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24 May 2007 : Column 1399Wcontinued
Lynne Featherstone: To ask the Secretary of State for Education and Skills how many young people in London are not in education, employment or training; what steps are being taken to reduce this number; and if he will make a statement. 
Mr. Jim Murphy: I have been asked to reply.
There were 1,076,350 people of working age who were not in employment, education or training in the London Government office region in October to December 2006. The total number of people on out of work benefits in London has fallen by 106,300 since 1997.
Some of these people will have chosen not to be in employment or education. However, for the rest, we have a range of policies on employment and education to provide them with opportunities.
To help us achieve our aim of reaching an 80 per cent. employment rate, we have set ourselves the aspiration of a million fewer people on incapacity benefits in a decade. The Welfare Reform Bill enabling us to achieve this has just passed through Parliament.
We will be rolling out our successful Pathways to Work across the capital in 2008, and will also shortly begin testing our new City Strategy which will focus on those areas where benefit receipt, social exclusion and poverty are most concentrated. Two of the pathfinder areas for the strategy are in London.
Mr. Greg Knight: To ask the Secretary of State for International Development what projects the UK is involved in to develop the electricity supply in Africa; and what studies he has (a) commissioned and (b) evaluated on carbon emissions from increasing electricity use in Africa. 
Hilary Benn: At the Gleneagles summit in 2005, the UK secured G8 agreement that the World Bank should lead on establishing a new clean energy investment framework (CEIF), which would operate as part of the international financing system. The aim of this framework is to increase public and private sector investment in cleaner energy in developing countries.
The World Banks action plan for the CEIF has three main parts, one of which is to increase energy access in Africa. This includes giving greater attention to Africas need for increased electricity generation, transmission and household electrification.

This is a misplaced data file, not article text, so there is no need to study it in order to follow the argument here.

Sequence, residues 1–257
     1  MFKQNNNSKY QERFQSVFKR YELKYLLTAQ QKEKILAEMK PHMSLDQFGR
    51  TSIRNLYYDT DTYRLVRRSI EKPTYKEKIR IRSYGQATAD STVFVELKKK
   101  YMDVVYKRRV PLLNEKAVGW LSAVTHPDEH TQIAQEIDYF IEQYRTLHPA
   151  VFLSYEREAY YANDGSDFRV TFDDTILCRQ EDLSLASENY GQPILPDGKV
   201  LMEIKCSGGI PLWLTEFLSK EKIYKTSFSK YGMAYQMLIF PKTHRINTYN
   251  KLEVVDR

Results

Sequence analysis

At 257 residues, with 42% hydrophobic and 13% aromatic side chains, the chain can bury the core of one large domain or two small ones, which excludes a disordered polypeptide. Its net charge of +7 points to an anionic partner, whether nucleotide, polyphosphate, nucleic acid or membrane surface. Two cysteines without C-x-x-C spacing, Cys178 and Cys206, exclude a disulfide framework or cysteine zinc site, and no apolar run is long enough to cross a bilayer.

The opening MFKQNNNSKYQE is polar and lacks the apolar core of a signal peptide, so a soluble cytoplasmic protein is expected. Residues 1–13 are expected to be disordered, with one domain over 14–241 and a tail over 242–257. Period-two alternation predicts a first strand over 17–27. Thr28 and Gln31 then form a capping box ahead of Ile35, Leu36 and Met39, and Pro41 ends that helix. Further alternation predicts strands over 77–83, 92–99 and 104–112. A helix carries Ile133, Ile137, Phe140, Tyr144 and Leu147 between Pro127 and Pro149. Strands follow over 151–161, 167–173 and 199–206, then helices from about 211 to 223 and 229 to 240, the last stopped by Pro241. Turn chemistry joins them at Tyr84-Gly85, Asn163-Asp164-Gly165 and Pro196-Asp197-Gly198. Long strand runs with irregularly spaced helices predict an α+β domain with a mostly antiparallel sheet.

The World Bank is starting discussions with some African governments about how the action plan can be implemented, aimed at improving access by households to modern energy services.
The UK has committed over £15 million to the CEIF so far, including £3 million for technical support in developing the CEIF and supporting discussions in developing countries. We will consider with the World Bank what additional support may be needed in particular countries.
Africas energy-related carbon emissions are very small compared to industrialised regions and likely to remain so in the foreseeable future. We have not commissioned or evaluated the carbon emissions from increasing electricity use in Africa, although some data and predictions are compiled by the International Energy Agency.
Jeremy Corbyn: To ask the Secretary of State for International Development what the average cost is of training (a) local and (b) UK-based (i) teachers and (ii) doctors to work in developing African countries. 
Hilary Benn [holding answer 23 May 2007]: The average costs for training doctors and teachers in Africa are not collected by the main international databases (e.g. UNESCO Education for All Global Monitoring report) due to the difficulty in tracking the wide variety of different training programmes and initiatives across Africa as well as poor data quality.
However, the World Health Organization estimated in 2006 that globally, health budgets will have to increase by at least US$10 per person per year by 2025, to educate and pay the salaries of the four million health workers needed in the 57 countries with severe shortages. Most of these countries are in Sub-Saharan Africa.
According to the UK Department for Health, the cost of training a doctor to full registration including the first year of working in the NHS is between £200,000 and £250,000. This does not include costs of postgraduate training as this is far highly variable and it is difficult to arrive at a meaningful average.
According to the UK Department for Education and SkillsTraining and Development Agency (TDA) the cost of training a teacher in the UK can range from £4,500 to £19,000 with an average cost of approximately £12,000. It should be noted that this average uses the total funds paid by the TDA for an academic year and the total number of registered teachers. The figure is therefore only indicative as there are numerous different routes into teaching within the UK.
Mr. MacShane: To ask the Secretary of State for International Development how much aid was allocated to Burma in (a) 2005-06 and (b) 2006-07, broken down by main budget heading; and what conditions were attached to such aid. 
Mr. Thomas: In 2005-06 DFID aid to Burma was £6.4 million, of which:
£4.5 million was on HIV/AIDS, Communicable Diseases and Basic Health Care;
£0.6 million was for Food Security and Rural Livelihoods;
£1.0 million was for Internally Displaced People and Refugees;
£60,000 was for Democracy and Human Rights.